Labor Day has come and gone, taking along with it some of the last vestiges of summer. Gone are wearing white clothes, weekends spent at the pool and prime vacation season. But what should never stray to far from our minds, despite the passing of the holiday in their honor, is the plight of the American worker.
The recession has certainly taken its toll on the average worker. Real hourly wages are down, the number of part-time workers has gone up, the percentage of people in the workforce is low, and unemployment remains high. But statistics, trends and talks of a “new normal” provide cold comfort to a workforce in dire need of a seemingly simple thing: well-paying jobs.
Unfortunately, it’s really not that simple. In fact, politicians really can’t even agree that the lack of jobs is a problem. Rather than address the dearth of jobs, Democrats have adopted a different goal: the elimination of income inequality.
They do have some statistics on their side. In 2012, the top 10 percent of earners took home more than half of the country’s income. Ninety-five percent of the economic gains from the recovery have pooled in the top 1 percent of earners. And between 1979 and 2007, more than 90 percent of households saw their incomes grow more slowly than average income growth.
But simple glances at top-line statistics like these mask the real world picture. For instance, life has certainly gotten much better for those at the top of the income ladder, but that’s different than saying that other Americans are worse off as a result. Indeed, the data paints a different picture. According to a new report from the left-leaning Economic Policy Institute (EPI), incomes from the lowest-earning quintile of workers grew by 29.2 percent after accounting for inflation. Those in the middle firth rose by 19.7 percent.
Moreover, income inequality is much different than personal well being, and that metric is decidedly improved over the past several decades for all income classes.
“Bill Gates is much, much richer than I am,” explains economist Tyler Cowen, “yet it is not obvious that he is much happier if, indeed, he is happier at all. I have access to penicillin, air travel, good cheap food, the Internet and virtually all of the technical innovations that Gates does.”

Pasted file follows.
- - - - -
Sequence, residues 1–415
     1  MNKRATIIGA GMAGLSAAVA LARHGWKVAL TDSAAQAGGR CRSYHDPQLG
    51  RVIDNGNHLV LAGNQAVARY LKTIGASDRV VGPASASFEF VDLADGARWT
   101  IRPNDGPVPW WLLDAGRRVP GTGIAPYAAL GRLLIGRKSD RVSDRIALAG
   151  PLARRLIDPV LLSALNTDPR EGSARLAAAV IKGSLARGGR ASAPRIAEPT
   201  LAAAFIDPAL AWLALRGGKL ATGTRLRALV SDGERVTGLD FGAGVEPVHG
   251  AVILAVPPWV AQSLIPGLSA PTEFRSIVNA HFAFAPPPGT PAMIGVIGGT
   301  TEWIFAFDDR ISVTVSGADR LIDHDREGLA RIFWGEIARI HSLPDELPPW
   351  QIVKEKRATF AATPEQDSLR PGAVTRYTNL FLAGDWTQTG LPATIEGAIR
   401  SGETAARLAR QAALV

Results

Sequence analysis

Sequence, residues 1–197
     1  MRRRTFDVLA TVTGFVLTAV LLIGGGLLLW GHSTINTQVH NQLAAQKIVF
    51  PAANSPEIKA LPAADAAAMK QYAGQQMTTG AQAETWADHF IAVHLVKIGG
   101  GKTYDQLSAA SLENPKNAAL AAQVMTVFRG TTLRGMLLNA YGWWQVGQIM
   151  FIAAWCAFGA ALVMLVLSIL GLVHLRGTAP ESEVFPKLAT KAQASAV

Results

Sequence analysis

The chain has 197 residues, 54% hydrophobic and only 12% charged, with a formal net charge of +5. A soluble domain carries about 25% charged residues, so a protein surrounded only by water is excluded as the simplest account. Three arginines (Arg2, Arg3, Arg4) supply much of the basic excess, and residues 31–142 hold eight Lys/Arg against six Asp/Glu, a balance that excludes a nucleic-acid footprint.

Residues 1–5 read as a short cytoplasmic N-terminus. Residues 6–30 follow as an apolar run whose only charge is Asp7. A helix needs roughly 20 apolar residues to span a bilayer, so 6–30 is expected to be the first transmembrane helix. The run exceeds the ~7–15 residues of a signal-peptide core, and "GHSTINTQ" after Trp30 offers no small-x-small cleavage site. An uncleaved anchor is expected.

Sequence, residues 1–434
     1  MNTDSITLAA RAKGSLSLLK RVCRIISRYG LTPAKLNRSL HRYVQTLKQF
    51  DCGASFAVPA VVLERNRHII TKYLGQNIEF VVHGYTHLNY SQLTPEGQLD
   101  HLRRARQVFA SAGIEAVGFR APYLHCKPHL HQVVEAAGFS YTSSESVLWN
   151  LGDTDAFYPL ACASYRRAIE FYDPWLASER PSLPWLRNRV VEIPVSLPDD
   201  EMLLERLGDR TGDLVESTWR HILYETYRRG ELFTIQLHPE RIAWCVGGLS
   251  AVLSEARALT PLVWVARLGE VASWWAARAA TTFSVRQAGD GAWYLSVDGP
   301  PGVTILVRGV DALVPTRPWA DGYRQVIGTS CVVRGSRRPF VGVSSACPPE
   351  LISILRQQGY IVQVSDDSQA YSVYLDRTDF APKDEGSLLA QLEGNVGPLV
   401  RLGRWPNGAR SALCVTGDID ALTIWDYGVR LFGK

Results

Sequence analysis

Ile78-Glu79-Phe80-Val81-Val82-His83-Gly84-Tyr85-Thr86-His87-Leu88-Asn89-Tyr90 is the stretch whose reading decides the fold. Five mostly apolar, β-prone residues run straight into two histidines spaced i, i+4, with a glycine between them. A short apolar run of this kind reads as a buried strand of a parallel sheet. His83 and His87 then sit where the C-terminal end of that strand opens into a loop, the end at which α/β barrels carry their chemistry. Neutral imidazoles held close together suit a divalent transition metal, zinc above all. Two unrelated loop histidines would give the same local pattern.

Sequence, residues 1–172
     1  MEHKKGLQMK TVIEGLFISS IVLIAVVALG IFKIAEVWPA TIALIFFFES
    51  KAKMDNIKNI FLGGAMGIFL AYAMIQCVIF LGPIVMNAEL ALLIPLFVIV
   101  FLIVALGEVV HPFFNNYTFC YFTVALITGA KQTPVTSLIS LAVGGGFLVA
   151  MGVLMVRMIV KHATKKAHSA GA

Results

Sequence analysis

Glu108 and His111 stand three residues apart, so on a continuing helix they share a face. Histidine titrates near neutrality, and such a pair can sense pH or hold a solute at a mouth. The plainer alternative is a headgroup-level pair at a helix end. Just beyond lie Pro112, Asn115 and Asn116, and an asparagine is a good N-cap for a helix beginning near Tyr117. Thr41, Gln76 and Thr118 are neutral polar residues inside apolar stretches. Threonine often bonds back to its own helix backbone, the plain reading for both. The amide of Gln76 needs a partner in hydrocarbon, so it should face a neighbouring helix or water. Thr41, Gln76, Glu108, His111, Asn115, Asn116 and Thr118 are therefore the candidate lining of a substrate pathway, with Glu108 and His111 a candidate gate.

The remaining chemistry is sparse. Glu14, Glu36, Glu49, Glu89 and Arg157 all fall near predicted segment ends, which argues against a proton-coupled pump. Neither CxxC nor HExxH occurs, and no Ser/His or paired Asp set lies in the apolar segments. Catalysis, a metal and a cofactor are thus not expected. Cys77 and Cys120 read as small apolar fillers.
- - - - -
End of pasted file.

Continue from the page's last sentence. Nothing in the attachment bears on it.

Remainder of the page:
“By broad historical standards, what I share with Bill Gates is far more significant than what I don’t share with him,” Cowen concludes.
Even if conservative and liberal thinkers could agree on the data, it’s still not clear that they would interpret it the same way. The National Review’s Kevin Williamson writes about a new study on inequality from the aforementioned EPI:
If you would like a condensation of everything that is odd and wrong about the Left’s view of how the economy works, consider this argument from EPI’s report: “If inequality had not risen between 1979 and 2007, middle-class incomes would have been nearly $18,000 higher in 2007.” That is, it should be obviously, exactly backward: If middle-class incomes had been nearly $18,000 higher in 2007, then inequality would not have risen.
The Left sees inequality as a cause of economic facts, not an effect of them. As EPI sees things, inequality is an independent actor, a motive force in world affairs: It is not only a “determinant” of economic conditions but “by far the most important determinant”; it has, under its own steam, “blocked living standards growth for the vast majority”; and it is “the key driver behind stagnant wages for workers at the bottom.”
This leads Democrats to espouse policy ideas like income redistribution and higher minimum wages – “solutions” that will address income inequality, but could hurt economic growth and job creation. Conservatives, on the other hand, see rising income inequality as two separate issues – rising incomes for the wealthy, which is the result of positive things like globalization and technology, and slower gains for lower-income earners, which is the result of negative things like rent-seeking, government cronyism, poor education, and a tax and regulatory structure that inhibits upward mobility.
Fix those and perhaps America’s workforce will have something to cheer about by next Labor Day.